The market is buoyant in Norfolk’s unassuming county town, and Max Davidson can see why
Frustratingly out of commuting range from London, Norwich continues to perform creditably, with the housing market marginally more buoyant in 2006 than in 2005. Top-end properties do particularly well and, at the lower end, there is no shortage of buy-to-let investors. The weakest section of the market is homes in the middle price range. In the city centre, there has been a glut of high-density new developments, not all of them sympathetic, and some experts predict problems with over-supply further down the line. But, for a desirable cathedral city, Norwich offers plenty of opportunities for first-time buyers. You can get a one-bed, top-floor flat close to the city centre for £89,950 with Haart (01603 761600).
WHAT WE LOVE ABOUT IT
Its lack of airs. Where other provincial cities wallow in selfimportance, or develop huge chips on their shoulders, Norwich is happy simply to be itself. Its patron saint is Delia Smith, most unassuming of towns such as Burnham Overy Staithe and Wells-next-the-Sea dotted along the coast. Live in Norwich and you will have riches on your doorstep.
WHAT WE HATE ABOUT IT
Anyone who thinks Britain is in the grip of rampant consumerism will find plenty of ammunition in Norwich. The city centre is awash with so many new shopping malls and multi-storey car parks that it has lost some its old charm. Fair enough, if the malls were balanced were other facilities. But when not shopping till it drops, Norwich often seems to evince a smalltown mentality. For a sizeable cathedral city it has a very limited selection of hotels and top-quality restaurants, and outsiders are tolerated rather than welcomed with open arms. Much more could be done, perhaps by way of arts festivals, to entice visitors to the city.
Norwich shops are more notable for quantity than quality, although there is a huge open-air market and a few decent speciality stores. The heatre Royal has an ractively varied ogramme, while nema City can claim be one of the best thouse cinemas in e country. There are so plenty of ffordable eateries, articularly in the city entre. Football fans ightly take pride in Norwich City FC, or he Canaries, one of he most likeable clubs in the country. Good golf clubs are another plus. you see clones of he all over the city: affable, unthreatening types who are never going to win Nobel Prizes but know how to boil an egg. Norwich is a congenial place, a nice compromise between past and present. Its heyday was in the Middle Ages, and it declined sharply after the Industrial Revolution, but it has found its feet again in recent years.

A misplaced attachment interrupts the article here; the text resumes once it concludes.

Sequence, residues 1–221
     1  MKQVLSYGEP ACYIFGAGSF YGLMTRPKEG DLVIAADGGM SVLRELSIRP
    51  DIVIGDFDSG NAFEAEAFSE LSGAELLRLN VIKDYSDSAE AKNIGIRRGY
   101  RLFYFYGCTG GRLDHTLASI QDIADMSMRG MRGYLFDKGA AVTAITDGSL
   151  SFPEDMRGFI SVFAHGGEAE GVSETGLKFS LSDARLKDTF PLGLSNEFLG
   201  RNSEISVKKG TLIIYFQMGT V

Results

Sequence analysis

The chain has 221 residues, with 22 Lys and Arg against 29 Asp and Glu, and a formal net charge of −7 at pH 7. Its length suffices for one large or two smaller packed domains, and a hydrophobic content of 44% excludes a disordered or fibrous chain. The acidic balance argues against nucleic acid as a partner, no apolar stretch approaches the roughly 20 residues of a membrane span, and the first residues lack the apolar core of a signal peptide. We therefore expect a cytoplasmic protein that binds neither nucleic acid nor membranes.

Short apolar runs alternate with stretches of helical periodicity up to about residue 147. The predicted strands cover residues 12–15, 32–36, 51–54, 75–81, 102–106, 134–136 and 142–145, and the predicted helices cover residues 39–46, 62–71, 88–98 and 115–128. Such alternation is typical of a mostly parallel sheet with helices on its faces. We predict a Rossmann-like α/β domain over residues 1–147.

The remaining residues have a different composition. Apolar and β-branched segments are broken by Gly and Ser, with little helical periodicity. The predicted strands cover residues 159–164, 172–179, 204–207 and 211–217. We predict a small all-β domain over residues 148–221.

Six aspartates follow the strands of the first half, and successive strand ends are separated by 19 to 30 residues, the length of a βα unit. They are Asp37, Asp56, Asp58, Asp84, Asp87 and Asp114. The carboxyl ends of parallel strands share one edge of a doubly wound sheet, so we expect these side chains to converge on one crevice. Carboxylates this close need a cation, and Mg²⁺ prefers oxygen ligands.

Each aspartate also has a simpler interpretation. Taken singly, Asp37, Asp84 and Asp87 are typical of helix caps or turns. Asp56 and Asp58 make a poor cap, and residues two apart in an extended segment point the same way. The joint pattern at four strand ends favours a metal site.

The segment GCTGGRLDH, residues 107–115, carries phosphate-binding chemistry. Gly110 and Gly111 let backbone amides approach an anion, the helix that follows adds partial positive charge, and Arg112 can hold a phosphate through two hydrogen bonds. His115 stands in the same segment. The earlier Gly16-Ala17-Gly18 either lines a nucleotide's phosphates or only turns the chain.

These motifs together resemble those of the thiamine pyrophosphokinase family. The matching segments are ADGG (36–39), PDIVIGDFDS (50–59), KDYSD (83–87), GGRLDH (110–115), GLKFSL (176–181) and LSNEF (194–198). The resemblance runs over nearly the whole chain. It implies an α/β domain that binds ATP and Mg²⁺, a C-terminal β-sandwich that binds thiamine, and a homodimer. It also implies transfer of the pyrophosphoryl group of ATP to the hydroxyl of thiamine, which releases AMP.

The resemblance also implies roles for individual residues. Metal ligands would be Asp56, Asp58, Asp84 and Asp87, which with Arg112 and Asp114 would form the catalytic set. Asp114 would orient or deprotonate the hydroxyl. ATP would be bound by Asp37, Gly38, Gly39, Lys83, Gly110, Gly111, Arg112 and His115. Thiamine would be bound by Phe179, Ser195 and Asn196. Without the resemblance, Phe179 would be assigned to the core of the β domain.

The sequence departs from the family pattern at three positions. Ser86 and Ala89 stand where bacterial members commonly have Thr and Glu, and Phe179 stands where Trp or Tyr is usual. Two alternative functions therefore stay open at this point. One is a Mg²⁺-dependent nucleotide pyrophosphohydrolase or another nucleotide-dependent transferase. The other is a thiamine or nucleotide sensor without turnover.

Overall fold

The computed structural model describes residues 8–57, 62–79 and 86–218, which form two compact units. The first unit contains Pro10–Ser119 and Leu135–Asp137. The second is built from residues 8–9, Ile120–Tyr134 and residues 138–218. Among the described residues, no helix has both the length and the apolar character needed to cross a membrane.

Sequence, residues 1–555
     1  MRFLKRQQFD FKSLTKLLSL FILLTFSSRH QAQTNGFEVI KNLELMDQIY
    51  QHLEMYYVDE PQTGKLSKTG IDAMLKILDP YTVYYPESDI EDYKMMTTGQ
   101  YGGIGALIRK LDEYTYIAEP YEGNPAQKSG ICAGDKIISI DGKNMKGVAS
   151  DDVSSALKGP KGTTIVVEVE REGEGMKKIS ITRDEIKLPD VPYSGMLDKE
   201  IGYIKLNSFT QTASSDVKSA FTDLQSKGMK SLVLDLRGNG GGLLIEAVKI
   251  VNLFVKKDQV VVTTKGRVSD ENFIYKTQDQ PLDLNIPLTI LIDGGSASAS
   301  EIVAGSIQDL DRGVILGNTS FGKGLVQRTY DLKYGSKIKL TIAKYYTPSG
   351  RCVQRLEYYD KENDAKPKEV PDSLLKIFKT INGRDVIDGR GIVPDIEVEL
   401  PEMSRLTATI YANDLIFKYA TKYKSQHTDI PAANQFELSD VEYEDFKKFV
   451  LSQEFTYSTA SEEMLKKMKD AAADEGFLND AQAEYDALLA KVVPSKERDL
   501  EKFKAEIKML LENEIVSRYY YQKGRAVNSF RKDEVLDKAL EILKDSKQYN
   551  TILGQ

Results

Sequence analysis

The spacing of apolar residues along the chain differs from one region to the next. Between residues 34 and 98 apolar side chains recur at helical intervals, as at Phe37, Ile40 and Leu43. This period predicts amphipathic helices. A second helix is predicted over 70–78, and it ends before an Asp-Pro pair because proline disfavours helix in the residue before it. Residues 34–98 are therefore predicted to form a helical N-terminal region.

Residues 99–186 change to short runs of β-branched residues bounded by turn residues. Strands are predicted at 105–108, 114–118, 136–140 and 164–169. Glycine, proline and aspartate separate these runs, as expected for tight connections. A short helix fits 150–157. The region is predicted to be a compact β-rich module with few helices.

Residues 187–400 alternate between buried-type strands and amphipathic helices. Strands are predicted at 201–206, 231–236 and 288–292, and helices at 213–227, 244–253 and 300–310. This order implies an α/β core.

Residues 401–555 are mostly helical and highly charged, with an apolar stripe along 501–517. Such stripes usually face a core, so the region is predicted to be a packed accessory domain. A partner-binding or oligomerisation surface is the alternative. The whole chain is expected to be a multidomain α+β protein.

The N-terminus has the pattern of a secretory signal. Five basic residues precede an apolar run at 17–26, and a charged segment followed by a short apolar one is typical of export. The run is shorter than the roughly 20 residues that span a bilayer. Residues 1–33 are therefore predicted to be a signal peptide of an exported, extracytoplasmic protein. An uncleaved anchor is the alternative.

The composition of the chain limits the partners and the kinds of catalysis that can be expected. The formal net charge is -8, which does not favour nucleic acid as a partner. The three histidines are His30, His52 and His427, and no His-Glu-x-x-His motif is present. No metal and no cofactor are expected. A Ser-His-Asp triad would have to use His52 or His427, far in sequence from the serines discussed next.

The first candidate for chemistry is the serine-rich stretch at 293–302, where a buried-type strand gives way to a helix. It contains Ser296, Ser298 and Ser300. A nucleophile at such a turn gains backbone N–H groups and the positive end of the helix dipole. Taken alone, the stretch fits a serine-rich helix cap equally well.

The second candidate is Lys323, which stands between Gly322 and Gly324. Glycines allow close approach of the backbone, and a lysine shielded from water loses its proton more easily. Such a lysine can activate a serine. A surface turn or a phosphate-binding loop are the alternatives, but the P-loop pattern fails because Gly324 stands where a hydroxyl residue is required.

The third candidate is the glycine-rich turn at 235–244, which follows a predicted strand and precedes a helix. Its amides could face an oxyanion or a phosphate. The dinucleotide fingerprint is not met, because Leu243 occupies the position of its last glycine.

The centre is an attractive mix of picturesque ruins and modern amenities. There are two cathedrals, Anglican and Catholic, that would grace any city, while the super-trendy University of East Anglia gives Norwich an intellectual cutting edge. And if parts of the inner city feel congested, there are acres of greenery around the fringes, with leafy residential streets and a wealth of pretty country villages. Don’t be deceived by the flatness of Norfolk. It is one of the most beautiful areas of Britain, not just because of the famous Broads, but because of the lovely
BEST PARTS FOR SCHOOLS
Norwich has a wide selection of schools, both state and independent. One of the most soughtafter state comprehensives is Framingham Earl, a specialist sports college, four miles south of the city centre. The City of Norwich School, off the Ipswich Road, is also well regarded. Among the independents, bragging rights are disputed between Norwich School, just east of the city centre, and Norwich High School for Girls, off the Newmarket Road.
BEST FOR COMMUNICATIONS
If you need to use the train regularly, Norwich is a bit lop-sided, with the railway station well to the east of the city centre. An apartment on Riverside might be the best bet. Otherwise, there is a premium on properties to the south of the ring road, from where you can gain quick road access to Ipswich, Cambridge and London. The bus station is also on that side of town.
BEST FOR NIGHTLIFE
By the standards of provincial cathedral cities, Norwich is pretty lively after dark. UEA students know how to party and, in high summer, the city fills up with funloving boat people from the Broads. Most of the eardrum-busting nightclubs are on Prince of Wales Road, which gets pretty feral in the wee small hours, but the Riverside is also a fun place to hang out. For alfresco dining in the summer, the area known as Tombland, just next to the cathedral, is delightfully laid-back.
Many of the best addresses in Norwich –
Past a desira Norw develo River W the pi The R left) w precur many shopp